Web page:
What to do with Year 11?

The trouble with schools is that we are playing catchup with Year 11 when we ought to be looking forwards.

We don’t have much time left with Year 11 and at the moment we are all desperately trying to play a catchup game with the vague hope that governments will do something to ease exam pressure, perhaps similar to the recent announcement in Scotland. 

Even if we move to coursework and teacher assessment, I don’t believe this will serve in the best interests of young people.   I’m convinced we have to look towards what they do next. I said something to the same effect back in April for last year’s Yr11 cohort, but I think I was too late then, and I’m probably too late now, but this is my tuppence worth with regards to the GCSE qualifications this year . . .

At this stage in the year, does any experienced Year 11 teacher or senior team, not know their cohort well enough, to be able to say with a 99% degree of certainty, what level their students would be capable of working at in Year 12?   I only have anecdotal evidence and personal experience to back this, but I believe we can all identify which of our students would be able to sit A Levels comfortably and who might not quite manage all the A Levels, but may manage other Level 3 quals. We also know who would need to do Level 2 and Level 1 courses in Year 12.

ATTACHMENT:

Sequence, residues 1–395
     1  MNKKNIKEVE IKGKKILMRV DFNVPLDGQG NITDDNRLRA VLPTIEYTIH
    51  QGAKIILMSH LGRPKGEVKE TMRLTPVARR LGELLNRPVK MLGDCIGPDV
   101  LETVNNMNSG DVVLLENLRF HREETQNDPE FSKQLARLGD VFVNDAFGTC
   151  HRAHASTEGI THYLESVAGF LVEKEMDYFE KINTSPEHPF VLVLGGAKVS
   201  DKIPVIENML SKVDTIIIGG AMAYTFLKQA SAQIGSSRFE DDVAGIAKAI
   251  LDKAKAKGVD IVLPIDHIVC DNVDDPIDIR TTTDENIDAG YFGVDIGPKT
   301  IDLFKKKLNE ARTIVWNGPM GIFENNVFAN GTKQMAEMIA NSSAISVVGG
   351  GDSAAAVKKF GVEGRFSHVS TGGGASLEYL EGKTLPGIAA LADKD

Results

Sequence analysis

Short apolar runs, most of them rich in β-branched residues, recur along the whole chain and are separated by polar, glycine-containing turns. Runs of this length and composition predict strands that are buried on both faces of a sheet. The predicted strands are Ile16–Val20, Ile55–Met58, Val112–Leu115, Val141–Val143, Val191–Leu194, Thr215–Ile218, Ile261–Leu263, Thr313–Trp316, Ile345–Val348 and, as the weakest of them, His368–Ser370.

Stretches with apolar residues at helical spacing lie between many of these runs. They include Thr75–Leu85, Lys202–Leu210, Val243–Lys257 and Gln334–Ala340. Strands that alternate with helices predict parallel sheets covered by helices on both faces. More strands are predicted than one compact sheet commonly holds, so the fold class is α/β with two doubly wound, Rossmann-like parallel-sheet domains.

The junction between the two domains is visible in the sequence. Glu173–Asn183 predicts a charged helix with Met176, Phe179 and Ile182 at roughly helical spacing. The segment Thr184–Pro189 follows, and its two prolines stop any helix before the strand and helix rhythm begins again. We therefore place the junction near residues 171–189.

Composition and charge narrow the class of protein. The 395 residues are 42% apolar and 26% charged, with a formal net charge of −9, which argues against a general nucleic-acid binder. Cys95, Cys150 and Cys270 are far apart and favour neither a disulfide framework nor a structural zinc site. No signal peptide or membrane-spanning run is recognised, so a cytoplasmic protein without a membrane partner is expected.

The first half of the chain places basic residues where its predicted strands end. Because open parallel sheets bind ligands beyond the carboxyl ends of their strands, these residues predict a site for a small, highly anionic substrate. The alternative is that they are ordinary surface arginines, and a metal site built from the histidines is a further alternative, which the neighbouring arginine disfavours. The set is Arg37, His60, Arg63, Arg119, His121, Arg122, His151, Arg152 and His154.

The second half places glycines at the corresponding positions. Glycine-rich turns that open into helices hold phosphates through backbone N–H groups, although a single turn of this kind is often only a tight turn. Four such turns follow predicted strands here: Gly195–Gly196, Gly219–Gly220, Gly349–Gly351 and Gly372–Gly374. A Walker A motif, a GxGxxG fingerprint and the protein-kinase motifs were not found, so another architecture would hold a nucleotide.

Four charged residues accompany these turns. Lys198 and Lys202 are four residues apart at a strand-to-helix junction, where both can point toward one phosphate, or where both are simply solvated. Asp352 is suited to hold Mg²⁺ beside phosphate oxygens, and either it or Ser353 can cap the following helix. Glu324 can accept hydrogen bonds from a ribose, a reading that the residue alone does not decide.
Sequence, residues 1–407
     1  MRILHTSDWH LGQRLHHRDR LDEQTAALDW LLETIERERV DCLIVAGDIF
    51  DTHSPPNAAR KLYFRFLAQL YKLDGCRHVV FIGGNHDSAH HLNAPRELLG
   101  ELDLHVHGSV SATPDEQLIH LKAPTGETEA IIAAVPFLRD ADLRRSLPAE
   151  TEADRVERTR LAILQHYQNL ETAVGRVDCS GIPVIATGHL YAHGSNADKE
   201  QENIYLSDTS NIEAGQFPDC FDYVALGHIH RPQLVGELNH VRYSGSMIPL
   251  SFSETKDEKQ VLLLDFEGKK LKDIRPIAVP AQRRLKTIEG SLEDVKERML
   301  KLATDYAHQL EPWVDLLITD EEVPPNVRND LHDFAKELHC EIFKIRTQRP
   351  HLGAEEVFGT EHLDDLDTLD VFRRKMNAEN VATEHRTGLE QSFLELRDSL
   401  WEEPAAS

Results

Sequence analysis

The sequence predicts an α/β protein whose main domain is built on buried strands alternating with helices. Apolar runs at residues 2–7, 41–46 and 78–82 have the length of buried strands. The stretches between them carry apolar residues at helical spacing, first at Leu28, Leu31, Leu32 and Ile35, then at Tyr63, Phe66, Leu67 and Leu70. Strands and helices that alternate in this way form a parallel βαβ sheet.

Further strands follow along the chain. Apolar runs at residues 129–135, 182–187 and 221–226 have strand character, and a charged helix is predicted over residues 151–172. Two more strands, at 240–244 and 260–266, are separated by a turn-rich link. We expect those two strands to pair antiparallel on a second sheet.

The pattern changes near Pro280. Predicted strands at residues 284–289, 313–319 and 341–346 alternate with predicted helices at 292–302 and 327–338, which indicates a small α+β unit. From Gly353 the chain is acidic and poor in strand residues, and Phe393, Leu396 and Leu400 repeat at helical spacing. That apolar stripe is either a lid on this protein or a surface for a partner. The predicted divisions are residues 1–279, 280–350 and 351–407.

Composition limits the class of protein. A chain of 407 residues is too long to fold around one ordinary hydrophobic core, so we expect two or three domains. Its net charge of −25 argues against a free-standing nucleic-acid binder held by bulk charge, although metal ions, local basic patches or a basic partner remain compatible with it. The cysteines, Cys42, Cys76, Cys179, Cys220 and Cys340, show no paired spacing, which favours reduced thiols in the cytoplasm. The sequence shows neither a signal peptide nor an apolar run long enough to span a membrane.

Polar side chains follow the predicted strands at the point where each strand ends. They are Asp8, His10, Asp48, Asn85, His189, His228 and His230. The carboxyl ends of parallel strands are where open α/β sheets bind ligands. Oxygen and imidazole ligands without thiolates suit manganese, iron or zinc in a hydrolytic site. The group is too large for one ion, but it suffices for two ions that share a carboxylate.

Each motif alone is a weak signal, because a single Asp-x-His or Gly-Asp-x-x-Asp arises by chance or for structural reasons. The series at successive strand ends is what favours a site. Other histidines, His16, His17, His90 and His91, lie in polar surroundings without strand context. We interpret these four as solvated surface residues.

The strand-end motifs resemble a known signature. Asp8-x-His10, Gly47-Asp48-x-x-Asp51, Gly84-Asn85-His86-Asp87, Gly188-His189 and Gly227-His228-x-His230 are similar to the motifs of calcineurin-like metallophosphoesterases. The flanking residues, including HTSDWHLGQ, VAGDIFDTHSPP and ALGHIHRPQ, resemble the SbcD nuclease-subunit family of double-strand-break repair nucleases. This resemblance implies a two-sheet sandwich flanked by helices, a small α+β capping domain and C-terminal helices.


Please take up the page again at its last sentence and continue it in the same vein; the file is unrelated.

Rather than look backwards to catch up on work missed in each GCSE/vocational qualification a student sits, wouldn’t it be better to look forward and enable young people to effectively access their next level at Post 16 now?    Still carrying on with all of their subjects seems almost pointless now.  If we do, then we are in danger diluting the skills, knowledge and most importantly, learning habits they need for the courses they are going to take up next year.  This will result in many struggling and higher numbers dropping out (an let’s not forget the accompanying mental health issues).   

Those I have mentioned this to, agree with me, but everyone says the same thing: ‘No one would go for it, it’s a huge undertaking’; ‘There would never be the political will’.  My argument is that Governments had the political will and the energy to close down all of the schools, cancel exams, shut down countless businesses and keep everyone in their homes for 6 months.  We’re damaging the future lives of young people enough at the moment, surely then, this isn’t a big ask.

This would be my plan:

  • Everyone would still continue with their English and Maths (especially from a literacy and numeracy point of view).
  • Schools would identify which level they believe their students would be capable of following at Post 16 and discuss with/inform students and parents.
  • Working closely with the school’s Post 16 provider, an enhanced series of taster sessions and careers sessions would be put in place, enabling students to select make informed choices regarding the courses/programmes of study they would wish to follow at Post 16.    
  • Post 16 Providers and schools would work together to develop Post 16 bridging courses, which would in the main, be more focussed GCSE (Level 2) level work, which homes in on the subject matter at A Level or level 3 BTECs, albeit at a level 2 standard.  It would be a good introduction to the Level 3 qualification where the student would become familiarised with the concepts and vocabulary.    For those who would study at Level 1 or 2, these courses could begin.